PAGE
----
DataWalk is a company shaped by a patented method for making sense of different types of data. The technique is novel and makes it possible for analysts to extract high value insights from large flows of data in near real time with an unprecedented ease of use.

DarkCyber interviewed in late June 2019 Chris Westphal, the innovator who co-founded Visual Analytics. That company’s combination of analytics methods and visualizations was acquired by Raytheon in 2013. Now Westphal is applying his talents to a new venture DataWalk.

Westphal, who monitors advanced analytics, learned about DataWalk and joined the firm in 2017 as the Chief Analytics Officer. The company has grown rapidly and now has client relationships with corporations, governments, and ministries throughout the world. Applications of the DataWalk technology include investigators focused on fraud, corruption, and serious crimes.

Unlike most investigative and analytics systems, users can obtain actionable outputs by pointing and clicking. The system captures these clicks on a ribbon. The actions on the ribbon can be modified, replayed, and shared.

In an exclusive interview with Mr. Westphal, DarkCyber learned:

The [DataWalk] system gets “smarter” by encoding the analytical workflows used to query the data; it stores the steps, values, and filters to produce results thereby delivering more consistency and reliability while minimizing the training time for new users. These workflows (aka “easy buttons”) represent domain or mission-specific knowledge acquired directly from the client’s operations and derived from their own data; a perfect trifecta!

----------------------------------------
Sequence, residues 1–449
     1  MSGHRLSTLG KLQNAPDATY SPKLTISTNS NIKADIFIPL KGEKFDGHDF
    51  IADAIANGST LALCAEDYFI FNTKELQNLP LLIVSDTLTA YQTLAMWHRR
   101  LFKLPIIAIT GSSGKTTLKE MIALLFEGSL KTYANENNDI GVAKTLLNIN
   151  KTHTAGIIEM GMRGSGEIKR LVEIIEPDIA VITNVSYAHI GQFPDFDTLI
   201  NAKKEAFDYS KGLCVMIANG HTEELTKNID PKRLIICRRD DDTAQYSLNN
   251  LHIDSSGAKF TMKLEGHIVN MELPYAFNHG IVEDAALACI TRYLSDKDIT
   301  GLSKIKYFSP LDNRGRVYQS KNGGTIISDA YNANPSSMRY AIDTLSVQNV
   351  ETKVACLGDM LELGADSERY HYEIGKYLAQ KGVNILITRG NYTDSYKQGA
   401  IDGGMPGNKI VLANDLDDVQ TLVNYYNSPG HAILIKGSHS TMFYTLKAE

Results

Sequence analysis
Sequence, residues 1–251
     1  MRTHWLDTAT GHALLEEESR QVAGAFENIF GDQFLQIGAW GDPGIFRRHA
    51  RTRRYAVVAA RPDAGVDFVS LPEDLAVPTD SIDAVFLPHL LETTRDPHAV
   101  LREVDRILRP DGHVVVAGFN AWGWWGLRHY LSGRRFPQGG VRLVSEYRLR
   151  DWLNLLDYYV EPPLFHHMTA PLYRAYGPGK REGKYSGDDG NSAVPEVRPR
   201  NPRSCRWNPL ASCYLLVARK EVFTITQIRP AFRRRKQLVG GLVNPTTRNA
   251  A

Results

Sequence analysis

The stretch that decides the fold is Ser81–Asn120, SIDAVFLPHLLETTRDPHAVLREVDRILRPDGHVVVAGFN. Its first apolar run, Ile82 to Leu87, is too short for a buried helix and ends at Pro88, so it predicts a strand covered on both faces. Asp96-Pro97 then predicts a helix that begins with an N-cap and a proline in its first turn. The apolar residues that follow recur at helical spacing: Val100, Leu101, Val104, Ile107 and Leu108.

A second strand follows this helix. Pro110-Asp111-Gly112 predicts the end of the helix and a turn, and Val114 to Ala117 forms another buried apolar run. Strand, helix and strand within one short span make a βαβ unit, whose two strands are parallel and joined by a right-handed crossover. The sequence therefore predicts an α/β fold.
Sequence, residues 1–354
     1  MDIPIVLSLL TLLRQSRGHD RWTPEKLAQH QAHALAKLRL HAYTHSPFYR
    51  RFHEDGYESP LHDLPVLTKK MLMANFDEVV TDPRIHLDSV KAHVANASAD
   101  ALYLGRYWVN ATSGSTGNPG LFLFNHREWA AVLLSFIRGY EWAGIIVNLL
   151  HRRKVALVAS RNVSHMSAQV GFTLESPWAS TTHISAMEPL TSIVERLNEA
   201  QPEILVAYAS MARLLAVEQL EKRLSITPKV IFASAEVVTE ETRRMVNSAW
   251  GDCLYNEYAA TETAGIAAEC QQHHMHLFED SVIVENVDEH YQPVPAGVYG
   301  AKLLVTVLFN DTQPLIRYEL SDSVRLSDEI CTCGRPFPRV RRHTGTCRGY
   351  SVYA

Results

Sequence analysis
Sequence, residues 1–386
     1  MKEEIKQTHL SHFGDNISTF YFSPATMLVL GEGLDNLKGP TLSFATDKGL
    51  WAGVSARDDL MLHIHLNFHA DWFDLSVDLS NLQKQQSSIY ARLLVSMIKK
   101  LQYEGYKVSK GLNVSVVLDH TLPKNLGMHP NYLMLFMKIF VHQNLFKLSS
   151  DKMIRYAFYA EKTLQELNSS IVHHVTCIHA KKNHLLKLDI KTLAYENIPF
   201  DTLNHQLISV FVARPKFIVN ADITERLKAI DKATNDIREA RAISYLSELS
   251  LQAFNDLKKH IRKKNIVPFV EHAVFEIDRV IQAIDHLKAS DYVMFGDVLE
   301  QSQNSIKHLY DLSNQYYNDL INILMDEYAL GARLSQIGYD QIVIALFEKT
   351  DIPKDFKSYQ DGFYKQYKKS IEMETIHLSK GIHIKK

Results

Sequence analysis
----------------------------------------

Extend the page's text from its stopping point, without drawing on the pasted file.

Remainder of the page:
One of the differentiating features of DataWalk’s platform is that it squarely addresses the shortage of trained analysts and investigators in many organizations. Westphal pointed out:

…The workflow idea is one of the ingredients in the DataWalk secret sauce. Not only do these workflows capture the domain expertise of the users and offer management insights and metrics into their operations such as utilization, performance, and throughput, they also form the basis for scoring any entity in the system. DataWalk allows users to create risk scores for any combination of workflows, each with a user-defined weight, to produce an overall, aggregated score for every entity. Want to find the most suspicious person? Easy, just select the person with the highest risk-score and review which workflows were activated. Simple. Adaptable. Efficient.

Another problem some investigative and analytic system developers face is user criticism. According to Westphal, DataWalk takes a different approach:

We listen carefully to our end-user community. We actively solicit their feedback and we prioritize their inputs. We try to solve problems versus selling licenses… DataWalk is focused on interfacing to a wide range of data providers and other technology companies. We want to create a seamless user experience that maximizes the utility of the system in the context of our client’s operational environments.

For more information about DataWalk, navigate to www.datawalk.com. For the full text of the interview, click this link. You can view a short video summary of DataWalk in the July 2, 2019, DarkCyber Video available on Vimeo.

Stephen E Arnold, July 9, 2019